The San Pedro Sun

Doctor Love: A Miserable Relationship

Readers, email your question to belizedoctorlove@gmail.com. Your letters are edited solely for grammar, spelling, and length.

Dear Doctor Love,
I met a girl while on vacation in Belize, and we fell completely in love. We stayed in constant communication when we got back to the States, and after a few months we went back to Belize and realized that we were meant to be together for life. We got married as soon as we got home.
That was eighteen months ago. She moved to my place in Texas and she at first loved it. She found a job and seemed to be happy. That only lasted a few short months. Now it seems like nothing pleases her and we argue constantly. She hasn’t made any friends of her own and resents my single guy friends. She wants to go to flea markets and garage sales, and I told her to go and enjoy herself, but she wants me to go with her and gets huffy when I won’t. Plus she is a total slob. A gentle reminder that the washing is piling up can send her around the bend. The list of arguments is endless.
The bottom line is that we don’t seem to have a single thing in common except that I love her. I think she loves me too, but I don’t think that is enough.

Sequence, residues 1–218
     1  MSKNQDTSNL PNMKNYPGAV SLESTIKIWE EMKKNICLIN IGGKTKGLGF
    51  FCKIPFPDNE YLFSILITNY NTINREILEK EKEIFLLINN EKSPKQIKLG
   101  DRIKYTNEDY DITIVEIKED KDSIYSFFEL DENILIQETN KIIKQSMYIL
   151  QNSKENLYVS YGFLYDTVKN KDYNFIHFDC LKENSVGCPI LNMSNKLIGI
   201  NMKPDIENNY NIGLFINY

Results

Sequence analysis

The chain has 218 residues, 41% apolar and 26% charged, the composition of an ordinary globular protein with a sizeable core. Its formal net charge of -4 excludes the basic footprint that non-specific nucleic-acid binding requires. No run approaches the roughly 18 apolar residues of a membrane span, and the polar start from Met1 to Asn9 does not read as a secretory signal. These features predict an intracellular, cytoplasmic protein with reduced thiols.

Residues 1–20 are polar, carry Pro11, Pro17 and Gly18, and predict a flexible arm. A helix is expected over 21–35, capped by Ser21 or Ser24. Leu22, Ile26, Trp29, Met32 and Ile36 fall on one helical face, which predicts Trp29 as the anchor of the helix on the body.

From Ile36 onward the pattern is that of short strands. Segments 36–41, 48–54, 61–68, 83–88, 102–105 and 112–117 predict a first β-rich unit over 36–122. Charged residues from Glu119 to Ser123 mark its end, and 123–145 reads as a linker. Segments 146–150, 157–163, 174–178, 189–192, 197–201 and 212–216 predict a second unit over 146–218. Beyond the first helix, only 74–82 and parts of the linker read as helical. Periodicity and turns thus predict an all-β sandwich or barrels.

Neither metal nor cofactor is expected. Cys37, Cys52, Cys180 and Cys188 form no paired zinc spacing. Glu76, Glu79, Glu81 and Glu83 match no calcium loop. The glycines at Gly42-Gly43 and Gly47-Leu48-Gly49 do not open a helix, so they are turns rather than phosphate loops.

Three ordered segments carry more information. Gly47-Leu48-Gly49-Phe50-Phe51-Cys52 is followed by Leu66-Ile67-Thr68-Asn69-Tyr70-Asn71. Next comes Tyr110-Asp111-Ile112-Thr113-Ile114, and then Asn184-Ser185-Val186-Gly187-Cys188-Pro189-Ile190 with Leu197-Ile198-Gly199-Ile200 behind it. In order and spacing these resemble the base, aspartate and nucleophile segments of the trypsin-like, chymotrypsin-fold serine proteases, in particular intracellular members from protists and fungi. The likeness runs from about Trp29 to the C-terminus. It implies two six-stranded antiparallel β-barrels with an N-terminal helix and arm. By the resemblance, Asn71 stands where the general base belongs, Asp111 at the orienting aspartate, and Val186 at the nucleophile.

I want to tell her it is time to divorce but I keep putting it off. What is the best way to handle this?
/s/Miserable

Dear Miserable
Let’s recap, shall we? She moved to be with you. She found a job and settled into your life. You don’t like the way she keeps house and feel justified in giving her gentle reminders that the washing is piling up. You don’t like the activities that make her happy and refuse to do something as simple as taking her to a garage sale to see her smile.
It sounds like you haven’t put much time and effort into making this marriage work and you want to tell her it is time for a divorce. Marry in haste—repent at leisure is an old saying, but it doesn’t have to be a prediction.
You went from Hello, my name is…to married in a few months, so you don’t really know each other. Take stock of what you have that’s good. Have a real heart-to-heart about the differences in your lifestyles and how to make them less of a conflict.
There are too many issues for the Doctor to cover here. If you really love her, get help from a mediator to guide you through this struggle. It doesn’t have to end in tears.